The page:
Sorry we don’t have a current photo of the Sequoia backcountry but the one above is from the last huge winter we had. This is the view from the north looking south up at Muir Pass. You can see the Muir Hut poking out a bit as well. I’m guessing this is about what it looks like back there now. The creeks will be cranking and snow bridges will be sketchy as well, more so in the afternoons, so plan ahead and take on any crossings in the morning. This particular summer the water crossing at the outlet of McClure Meadow was 4 feet deep in the morning and McClure Meadow was a lake!
Here’s a list of a bunch of links that may be handy. Some of the Forest Service and National Park Service trail, road, and campground openings and conditions. Looks like they have tried to update them recently. If you’ve been out in the backcountry shoot these folks an e-mail with any info you’ve got on conditions. It is greatly appreciated since many of these agencies are understaffed especially in the Wilderness departments.
Inyo National Forest:
One other spot to check for High Sierra information is the High Sierra Topic forums. They have a thread that may or may not be updated but worth a look for some first hand info.
One of the benefits of living in the western United States is the year round access to so many of the National Parks (and forests for that matter). The Center for Park Research, an offshoot of the National Parks Conservation Association, has released their findings from 10 years of research on the conditions of the cultural and natural resources of the parks. Their findings “paint a grim picture” for the future of these resources we enjoy spending so much time in. Here’s a great article from Adventure-Journal.com by Michael Frank:
and another on the same subject from The Salt Lake Tribune, by Brett Prettyman
Want to know more about the NPCA’s report? Check out their website HERE. Or click on the image below to get the entire 68 page report in PDF format.
It’s that time of the year again. The 38th Annual Western States 100 Endurance Run begins this weekend right here at 5AM on Saturday in Squaw Valley and continues on to Auburn for 100 miles. Get out there and cheer these folks on. It’s another year with snow on the course and should be quite a weekend! Click on the buckle to link to the Western States 100 website.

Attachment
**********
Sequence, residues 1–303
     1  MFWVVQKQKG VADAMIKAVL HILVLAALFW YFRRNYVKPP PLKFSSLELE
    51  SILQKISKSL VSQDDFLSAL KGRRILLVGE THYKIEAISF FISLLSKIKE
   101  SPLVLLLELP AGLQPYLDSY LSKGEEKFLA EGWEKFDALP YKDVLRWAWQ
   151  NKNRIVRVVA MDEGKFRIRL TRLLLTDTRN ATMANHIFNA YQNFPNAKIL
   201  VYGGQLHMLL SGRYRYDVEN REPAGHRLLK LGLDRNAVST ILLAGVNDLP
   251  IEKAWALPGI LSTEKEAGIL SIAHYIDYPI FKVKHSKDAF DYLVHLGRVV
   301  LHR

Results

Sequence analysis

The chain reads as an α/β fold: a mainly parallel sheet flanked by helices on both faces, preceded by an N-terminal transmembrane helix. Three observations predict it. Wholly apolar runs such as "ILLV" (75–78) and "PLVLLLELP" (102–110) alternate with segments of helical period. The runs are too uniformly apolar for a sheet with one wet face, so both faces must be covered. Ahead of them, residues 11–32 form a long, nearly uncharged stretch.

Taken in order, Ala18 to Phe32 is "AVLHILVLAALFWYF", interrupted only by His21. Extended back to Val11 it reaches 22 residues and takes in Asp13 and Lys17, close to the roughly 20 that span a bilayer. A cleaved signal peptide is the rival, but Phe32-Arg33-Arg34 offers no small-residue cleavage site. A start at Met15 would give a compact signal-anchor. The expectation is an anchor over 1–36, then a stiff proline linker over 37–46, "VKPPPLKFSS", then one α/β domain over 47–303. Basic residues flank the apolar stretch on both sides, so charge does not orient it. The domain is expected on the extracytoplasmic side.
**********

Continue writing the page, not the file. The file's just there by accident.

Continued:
Not into the whole ultra thing or maybe you got shut down on the entry in the WS100? Well Big Blue Adventure has a couple events this weekend as well in Tahoe. On Saturday XTERRA Tahoe City begins at 8AM right at Commons Beach! Entrants will swim, mountain bike, and trail run there way to the finish once again at Commons Beach.
Then commencing Sunday at 7:45AM is the Run to Squaw Valley USA. A 7.9 mile running race beginning at Commons Beach and finishing at the Village at Squaw Valley. On site registration available for both events!
“Trail Update as of Saturday 6.18: Glen Alpine to Lilly Lake DRY, TRT Tahoe City towards Brockway 5 miles in DRY, Eagle Lake DRY, Rubicon Trail/Emerald Bay DRY, Meeks Bay mostly DRY 4.5 miles in. Things are melting quick! Get out there and enjoy the sun!”
According to the Yosemite National Park website Tioga is open as of today however with limited access:
The Tioga Road will open on Saturday, June 18, 2011, at 8 am. There will be several no-stopping zones and visitors should be aware that hiking opportunities are extremely limited due to snow and dangerous creek crossings. No services will be available along the road.
Ever wonder why all the trails you use are in such nice condition? Well here in Lake Tahoe the big daddy trail of them all is kept in tip top shape by users just like you.
photo from TRTA
Throughout the summer the Tahoe Rim Trail Association runs volunteer trail maintenance days in order to build and maintain the Tahoe Rim Trail. So if you’d like to help out and do your part check out the TRTA’s website for volunteer opportunities. In addition to trail work info the TRTA puts on all sorts of great events year round.
What a great way to get out and enjoy the wild lands and give back as well! There are 165 miles traveling the ridges around Lake Tahoe to be kept in order, why not volunteer on an unfamiliar section?
Don’t feel like digging in the dirt all day but still want to help out? Check out what the US Forest Service has available as well. They have many other options besides trail work.